Lindsay said, “Steve [Woods] needed additional resources to keep food service delivery operating and we were able to provide those. We retained Patricia Asmund, their Director of Food and Nutrition Services, who was in that position for 28 years. She is thrilled with the transition and the outcome and the amount of support that she’s gotten from Glendale. We were also able to help fill the existing vacancies to get the dining department fully staffed, and it has remained that way since the transition.”
“Of course there was a lot of nervousness about the transition, that’s natural,” Asmund said. “But when Glendale came in, they were awesome in how they talked to me and my staff. No one jumped ship and the quality of our food didn’t go down. We’re still doing things the way we did before, but more of it, including with the new wing upstairs that now offers room service.”
Jim Hecker, president of Glendale Senior Dining, said, “Taking on county dining employees and migrating them to our payroll is something that has never happened in New Hampshire before.”
The entire dining service staff now has professional uniforms – a Glendale Senior Dining requirement. A uniform may seem a small thing, but it makes a huge impact to staff morale and feeling of being part of a team. The food staff members have also learned and embraced Glendale Senior Dining’s standards, culture, and way of doing things.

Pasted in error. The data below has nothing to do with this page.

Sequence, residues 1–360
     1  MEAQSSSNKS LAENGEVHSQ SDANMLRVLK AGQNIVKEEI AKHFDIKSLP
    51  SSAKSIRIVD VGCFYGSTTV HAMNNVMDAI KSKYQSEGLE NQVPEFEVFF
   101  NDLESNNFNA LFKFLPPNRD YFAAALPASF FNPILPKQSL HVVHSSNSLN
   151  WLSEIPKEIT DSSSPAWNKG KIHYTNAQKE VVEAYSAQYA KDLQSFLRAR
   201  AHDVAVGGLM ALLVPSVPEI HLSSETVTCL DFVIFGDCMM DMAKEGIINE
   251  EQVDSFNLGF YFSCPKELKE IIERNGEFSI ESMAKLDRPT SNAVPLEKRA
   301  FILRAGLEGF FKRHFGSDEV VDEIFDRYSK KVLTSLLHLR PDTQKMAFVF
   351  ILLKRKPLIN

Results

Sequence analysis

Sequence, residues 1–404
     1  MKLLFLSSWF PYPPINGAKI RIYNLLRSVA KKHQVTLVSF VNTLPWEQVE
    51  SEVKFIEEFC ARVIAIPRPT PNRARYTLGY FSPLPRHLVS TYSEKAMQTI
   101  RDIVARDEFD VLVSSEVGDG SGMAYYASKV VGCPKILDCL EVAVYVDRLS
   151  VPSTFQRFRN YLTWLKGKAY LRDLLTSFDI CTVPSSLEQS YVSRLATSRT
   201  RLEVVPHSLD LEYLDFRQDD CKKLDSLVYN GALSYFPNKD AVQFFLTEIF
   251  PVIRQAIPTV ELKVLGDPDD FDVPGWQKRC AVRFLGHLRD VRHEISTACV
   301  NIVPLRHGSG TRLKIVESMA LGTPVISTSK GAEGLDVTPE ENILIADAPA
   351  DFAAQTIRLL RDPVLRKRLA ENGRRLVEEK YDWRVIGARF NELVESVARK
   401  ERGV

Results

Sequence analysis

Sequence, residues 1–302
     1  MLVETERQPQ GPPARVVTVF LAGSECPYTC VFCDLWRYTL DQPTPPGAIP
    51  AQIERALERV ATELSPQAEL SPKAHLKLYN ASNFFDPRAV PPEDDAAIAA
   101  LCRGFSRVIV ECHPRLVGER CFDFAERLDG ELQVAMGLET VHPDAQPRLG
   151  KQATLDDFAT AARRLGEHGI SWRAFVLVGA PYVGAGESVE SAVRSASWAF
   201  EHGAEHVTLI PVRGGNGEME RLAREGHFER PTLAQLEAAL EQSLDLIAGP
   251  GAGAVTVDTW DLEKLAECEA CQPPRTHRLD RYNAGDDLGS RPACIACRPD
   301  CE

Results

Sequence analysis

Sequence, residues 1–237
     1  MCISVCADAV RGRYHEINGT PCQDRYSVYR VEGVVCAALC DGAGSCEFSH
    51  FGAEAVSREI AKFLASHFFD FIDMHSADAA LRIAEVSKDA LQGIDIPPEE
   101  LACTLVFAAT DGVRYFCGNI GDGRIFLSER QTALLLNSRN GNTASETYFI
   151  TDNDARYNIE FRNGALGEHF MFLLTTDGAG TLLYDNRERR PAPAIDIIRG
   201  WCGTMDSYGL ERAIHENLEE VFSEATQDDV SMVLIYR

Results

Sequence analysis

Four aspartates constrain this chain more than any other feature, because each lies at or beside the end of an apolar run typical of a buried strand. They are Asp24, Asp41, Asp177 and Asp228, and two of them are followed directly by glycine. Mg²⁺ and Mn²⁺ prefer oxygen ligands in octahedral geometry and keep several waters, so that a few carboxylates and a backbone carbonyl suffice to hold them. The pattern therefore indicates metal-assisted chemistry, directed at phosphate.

“We have new equipment in the kitchen and are even able to accept credit cards now,” Asmund said.
From the start, the food service staff got to see Glendale’s personality. Martineau said, “They’d see Jim [Hecker] stop by for lunch and ask if potatoes needed peeling or if anything else needed to be done.”
The staff also became familiar with the director of culinary; the manager of training standards who assists with parties and manages all the training; the HR department that is always available by phone and can visit onsite; as well as accounts payable who processes all invoices. Martineau said, “Over that time, they really saw the support network and the value of Glendale and became comfortable with the transition.”
Hecker said, “This is the first time in New Hampshire’s history that a taxpayer-funded county facility has moved their complete food and nutrition operation to a private contractor.”
The units at the rehabilitation and nursing center were remodeled and now offer a new level of food service – room service with meals delivered from the café. Where most rehabilitation centers offer limited menus and choices for each meal, Rockingham County Rehabilitation and Nursing Center steps out of the box to offer this new dietary program to clients.
One food staff person is assigned to work with the dietary staff – similar to assisted living and skilled care – so when new residents arrive, diets, likes and dislikes, and any restrictions are discussed and noted in a database so that when food requests come in, the cook can be alerted immediately if a food order is out of sync with dietary limitations. Asmund said, “I have a lot of cooks in the kitchen, including one who works on textures, so if something needs to be ground or pureed, that request is easily covered.”
So a room service attendant actually knocks on a patient’s door to take the food order and while there, they can make recommendations. Martineau said, “During short stays, it’s not a big deal, but with someone in rehab a week or longer, they start to see the same menus. This level of personal touch enables staff to ask questions and make suggestions about something new in the kitchen that is available to try, for instance.”